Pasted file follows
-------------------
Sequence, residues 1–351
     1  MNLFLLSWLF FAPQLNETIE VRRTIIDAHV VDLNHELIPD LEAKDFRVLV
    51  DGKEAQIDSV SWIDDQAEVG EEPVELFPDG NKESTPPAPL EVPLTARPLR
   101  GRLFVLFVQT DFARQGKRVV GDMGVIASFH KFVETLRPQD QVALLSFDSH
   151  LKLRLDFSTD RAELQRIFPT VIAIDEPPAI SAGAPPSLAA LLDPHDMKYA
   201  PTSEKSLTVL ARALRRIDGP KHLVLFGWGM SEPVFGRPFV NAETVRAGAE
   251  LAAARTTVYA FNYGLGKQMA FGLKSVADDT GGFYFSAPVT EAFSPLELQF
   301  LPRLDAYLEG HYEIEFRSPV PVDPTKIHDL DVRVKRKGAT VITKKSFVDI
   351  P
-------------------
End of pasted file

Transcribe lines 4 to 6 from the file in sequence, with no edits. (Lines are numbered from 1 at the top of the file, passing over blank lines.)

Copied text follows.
   101  GRLFVLFVQT DFARQGKRVV GDMGVIASFH KFVETLRPQD QVALLSFDSH
   151  LKLRLDFSTD RAELQRIFPT VIAIDEPPAI SAGAPPSLAA LLDPHDMKYA
   201  PTSEKSLTVL ARALRRIDGP KHLVLFGWGM SEPVFGRPFV NAETVRAGAE